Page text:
Sac State students showcase staggering steel stegosaurus

$25,000 public sculpture ‘#Poppy,’ an experimental first in line with art department’s future curriculum


Emily Rabasto - The State Hornet

Sacramento State senior studio arts majors Chris Duffy and Tiffany Boddeker speak at the unveiling ceremony of their 16-foot by 16-foot steel “neopop” sculpture of a stegosaurus named “#Poppy” at the intersection of Brighton and Ramona Avenues Friday, Nov. 2, 2018.

Emily Rabasto, Managing editor

The newest product of Sacramento State’s art department also happens to be its most ancient.

“#Poppy” is a 16-foot tall steel sculpture of a colorful stegosaurus created by senior Sac State studio art majors Chris Duffy and Tiffany Boddeker and the first of what they hope to be many public art projects coming straight out of Sac State.

Duffy and Boddeker said their team and themselves worked at the sculpture lab on campus from May through October, combining their creative efforts and construction skills on the $25,000 commission from the Power Inn Alliance to build the full-steel public art piece.

According to Boddeker, the “Neopop”-style dinosaur is made entirely of “thin-walled tubing, pencil rod, sheet steel and expanded metal,” which was welded together by Duffy, their team of lab workers and herself.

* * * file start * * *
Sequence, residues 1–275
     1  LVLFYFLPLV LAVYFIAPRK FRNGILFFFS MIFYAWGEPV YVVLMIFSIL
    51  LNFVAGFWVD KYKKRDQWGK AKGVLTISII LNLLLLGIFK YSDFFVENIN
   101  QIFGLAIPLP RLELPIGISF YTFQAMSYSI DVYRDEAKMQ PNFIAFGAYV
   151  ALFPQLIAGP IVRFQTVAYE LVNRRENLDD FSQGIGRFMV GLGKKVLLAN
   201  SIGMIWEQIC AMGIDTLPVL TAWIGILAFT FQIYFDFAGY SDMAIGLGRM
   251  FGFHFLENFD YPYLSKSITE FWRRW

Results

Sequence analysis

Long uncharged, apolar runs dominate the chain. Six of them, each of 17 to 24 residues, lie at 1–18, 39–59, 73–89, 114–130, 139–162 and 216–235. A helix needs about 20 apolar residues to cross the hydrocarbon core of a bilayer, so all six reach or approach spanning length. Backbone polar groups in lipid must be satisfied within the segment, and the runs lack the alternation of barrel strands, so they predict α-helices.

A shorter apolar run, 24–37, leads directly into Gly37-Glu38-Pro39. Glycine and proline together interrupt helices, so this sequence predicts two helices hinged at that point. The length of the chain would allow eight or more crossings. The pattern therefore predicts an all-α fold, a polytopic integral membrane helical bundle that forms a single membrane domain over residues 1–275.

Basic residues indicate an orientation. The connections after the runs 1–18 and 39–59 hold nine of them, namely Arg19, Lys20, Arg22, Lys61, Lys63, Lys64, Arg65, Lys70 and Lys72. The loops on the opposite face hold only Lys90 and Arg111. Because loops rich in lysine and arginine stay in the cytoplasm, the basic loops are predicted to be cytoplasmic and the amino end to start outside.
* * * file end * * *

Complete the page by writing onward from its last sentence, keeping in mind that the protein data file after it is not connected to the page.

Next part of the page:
“#Poppy” is the first public art piece created by current Sac State students as an experiment for a two-part course, which plans to be officially added to the art department’s curriculum in fall 2019, according to Andrew Connelly, an art professor and graduate coordinator at the university.

If the implementation of the course goes as planned, Connelly says the class will be titled “Art in Public Places,” and labeled in the course catalog as ART 176A and 176B.

Connelly said “#Poppy” went through several redesigns to make it a piece that the community could view as a positive addition.

Duffy said the inspiration for the steel sculpture came from putting his daughter to bed one night.

“At the beginning of this class, we were all charged with coming up some ideas that we were going to pitch,” Duffy said. “As I was putting my daughter to bed, she had stegosaurus pajamas, and I just thought, ‘Dinosaurs. That’s what it is.’ ”

Connelly said because the structure sits within a traffic circle, the piece needed to be somewhat transparent so drivers are able to view oncoming vehicles.

The dinosaur’s frame and spines are decorated with a bright color scheme in “graffiti-proof paint,” which Connelly said was done purposefully to not only protect the surface of the steel, but to ensure that it could be power washed easily if vandalized or marked.

Duffy said he has many fond memories while creating “#Poppy” with his creative partner Boddeker.

“Tiffany took pieces of sheet metal, cut them into the shape of flowers and hit them with a hammer (over an anvil) for eight hours straight,” Duffy said.

Revealed at a ribbon-cutting ceremony Friday, the piece’s final display area is at the traffic circle of Ramona and Brighton Avenues in front of The Crossings, an off-campus student residence.